Actually, the problems occur when the water table goes too low as the pilings that are the foundation for the land begin to rot. Conversely, the back bay is in a flood zone. It’s a complex issue as engineers are working for long-term solutions.

This is a superb blog post with some interesting info about the neck of the original Boston, which would be totally submerged during times of high tide!


1630-old Boston dark green - current Boston light green

I’m bringing down that map of old and new Boston, again. That huge swath of land above what was Governor’s island is where Logan International Airport is. That’s a lot of landfill.


I’m closing with one more excellent blog post I discovered.


An excellent short video sums everything up very nicely about creating Boston’s Back Bay.



Please note. There will be a quiz on Sunday.


No worries. It’ll be an open-book test. ;]

I hope you enjoyed learning a bit more about this beautiful city I’m living in and some of its rich but sometimes smelly history.

If you’d like to learn more about the houses of Back Bay, there is a fantastic blog called BackBayHouses. And, indeed, it chronicles every building on all 13 streets. The blog tells the history of each home from its inception to the end of the 20th century.



PS: Please check out the newly updated HOT SALES!

28 Responses

  1. Now that you have moved to Back Bay is your son now living in Brooklyn, NY? I thought you were moving closer to him?

    1. Honey, when he told me last October I cried for six hours straight. However, it is a temporary move. His teaching job is in Springfield, MA
      and he’s scheduled to have to show up in person beginning in April, so he has to come back. And, he’s coming to visit me president’s weekend for my birthday which is this weekend, but he has an extra day-off the following weekend.

      I do understand where he’s coming from. It’s just that the timing sucks.

      But, every summer, he has a gig in Boston for the month of July
      as the music director of a day camp. If it’s normal this summer, he’s going to come and stay with me for the entire month!

  2. I have never been to Boston, I’m from Russia, but I feel like I know it now. I have never thought that you could learn about history of the building through old maps. How cool is that! Super interesting to compare the Bay then and now. You’re amazing writer Laurel, thank you for the history lesson and for all the tips even with pronunciation. Wow! Now I’m wondering if you see water from your building windows and where is the best window view. Such an amazing architecture. Thank you for all the knowledge tips.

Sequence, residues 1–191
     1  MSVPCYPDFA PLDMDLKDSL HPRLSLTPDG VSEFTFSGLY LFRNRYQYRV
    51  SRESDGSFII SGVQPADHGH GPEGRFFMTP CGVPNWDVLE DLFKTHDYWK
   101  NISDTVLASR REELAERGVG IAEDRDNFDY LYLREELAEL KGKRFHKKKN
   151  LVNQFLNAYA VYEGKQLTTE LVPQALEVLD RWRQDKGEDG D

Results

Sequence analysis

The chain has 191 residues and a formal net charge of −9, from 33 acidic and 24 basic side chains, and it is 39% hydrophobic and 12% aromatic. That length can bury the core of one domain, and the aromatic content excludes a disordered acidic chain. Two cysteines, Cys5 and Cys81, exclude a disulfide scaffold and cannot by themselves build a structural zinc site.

3. Love the maps as I am always lost in Boston and found NYC easier to navigate. Since you like architecture and history, don’t forget to visit the North Shore – Salem and Newburyport have beautiful historic homes and the Peabody Essex Museum is a gem.

  4. I used to live in Needham Heights. Which is a misnomer because there is no “height”. It was all sent to fill in just so you could live there! Before then I lived in your area. I do miss it.

  5. Laurel- You get an A! LOL I’m so glad ( as your Realtor) that you have highlighted the history of how “The Back Bay” was filled. It’s quite mind-boggling that such an adventurous civic undertaking was completed in such a harmonious way. To follow up on more trivia- the design of the neighborhood was modeled on the boulevards of Paris. The grid of Back Bay runs East/West. I love the sense of order and symmetry. It was part of esteemed Frederick Law Olmstead’s plan to link it to the “Emerald Necklace” connecting the Public Garden to the Fens.
    I love your links to which is such a fascinating read of who the families were who first inhabited these homes. What I find fascinating is that they all moved around to different homes in the neighborhoods! And to those who don’t live here the wooden “Pilings” or “columns” that hold all this rock and dirt and “stuff” together are kept in shape due to their being on water. Yup. We are under water here ( not floating mind you) and on many corners you can see a round hole on the sidewalk that allows engineers to take readings of the water table. How cool is that! More information on all of the land that is formerly bay or ocean can be found at the Boston Groundwater Trust. Thank you Laurel!

    1. Thanks so much, Maureen for filling in all of that great information! For those reading comments. Maureen is indeed my fabulous and exceedingly knowledgeable realtor. I can’t recommend her highly enough if you’re looking to buy a home in Boston’s Back Bay, South End or Beacon Hill, I believe are her main areas. She made the entire process as easy as possible. Plus, she gently talked me down from the ceiling, lol when the mortgage company kept missing their deadlines! I can laugh about it now, but the prospect of defaulting and losing 65k was no laughing matter.